What she was actually saying: I miss you. I want to be connected and close to you. When we connect I feel valued, but when you spend all your free time doing other things, I feel unimportant and alone. Ask me to do something. Please. I would love to say yes.
The truth is, David loves Stacy, and while he doesn’t constantly feel the need to find ways to connect with her (which is typical for guys), he enjoys connecting with her very much. In fact, he stands to gain (to “win”) something here. When she feels connected and close to him, her spirit is lifted, and she shows him kindness, warmth, and openness that touches his heart and leaves him feeling desired, valued, and respected.
This is the underlying truth in conflict… many times we both have the potential to win. Think about it like this: if your spouse has an issue, you have an issue. If you can do something to help them with that issue, you are simultaneously helping yourself. Because you are married, anything that really impacts your spouse will impact you. You know this because there have perhaps been times when your spouse was angry but not at you. You still felt some of the fall-out of that anger. Or perhaps your spouse went through a season of depression. You didn’t cause the depression, but you felt it. If your spouse has a problem, even if it is with you, you’re paying part of the price for that problem. If you help solve it (meaning if you are open to examining yourself honestly and being willing to make necessary changes) you will not only be living up to your calling as a sacrificial spouse (Eph 5:21), but you will also be “winning” as well.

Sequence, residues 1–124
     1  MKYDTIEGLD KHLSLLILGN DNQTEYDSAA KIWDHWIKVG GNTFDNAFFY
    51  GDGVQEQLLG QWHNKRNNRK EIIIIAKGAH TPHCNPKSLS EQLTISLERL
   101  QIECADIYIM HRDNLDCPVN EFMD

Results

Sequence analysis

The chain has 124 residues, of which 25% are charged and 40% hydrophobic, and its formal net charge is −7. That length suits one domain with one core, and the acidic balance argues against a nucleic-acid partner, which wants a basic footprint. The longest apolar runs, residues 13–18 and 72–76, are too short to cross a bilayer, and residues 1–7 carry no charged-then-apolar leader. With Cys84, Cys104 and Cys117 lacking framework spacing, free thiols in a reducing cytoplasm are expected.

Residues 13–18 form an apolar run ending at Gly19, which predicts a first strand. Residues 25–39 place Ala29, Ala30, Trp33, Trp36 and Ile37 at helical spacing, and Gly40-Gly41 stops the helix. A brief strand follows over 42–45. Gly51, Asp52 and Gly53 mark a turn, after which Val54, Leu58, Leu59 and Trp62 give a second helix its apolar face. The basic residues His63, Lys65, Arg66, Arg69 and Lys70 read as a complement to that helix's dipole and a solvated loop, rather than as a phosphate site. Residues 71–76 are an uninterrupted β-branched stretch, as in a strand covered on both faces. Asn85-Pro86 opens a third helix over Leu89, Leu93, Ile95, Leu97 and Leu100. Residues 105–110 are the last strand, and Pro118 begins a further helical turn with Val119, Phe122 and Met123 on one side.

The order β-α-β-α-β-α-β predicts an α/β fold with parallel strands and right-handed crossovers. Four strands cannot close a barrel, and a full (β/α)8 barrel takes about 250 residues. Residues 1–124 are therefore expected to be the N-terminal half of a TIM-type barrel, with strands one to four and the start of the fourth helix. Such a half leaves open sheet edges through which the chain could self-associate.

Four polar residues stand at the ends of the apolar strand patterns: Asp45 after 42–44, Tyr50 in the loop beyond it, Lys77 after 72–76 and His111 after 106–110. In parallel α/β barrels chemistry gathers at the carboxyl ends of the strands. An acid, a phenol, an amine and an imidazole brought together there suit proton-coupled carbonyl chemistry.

So for all of us, including the guy writing this blog, it’s important to remember that just because your spouse brings an issue to your attention, it doesn’t mean they are trying to make you “lose everything.” It may be an opportunity for both husband and wife to walk away winners. And that is a beautiful thing.
Want to learn more about how to communicate better with your spouse in conflict? Get Jonathan’s free eBook, “Fight-Proof Your Marriage”.
Author’s Postscript: David and Stacy are an imaginary couple. They represent a mosaic of many couples I’ve worked with over the past several years.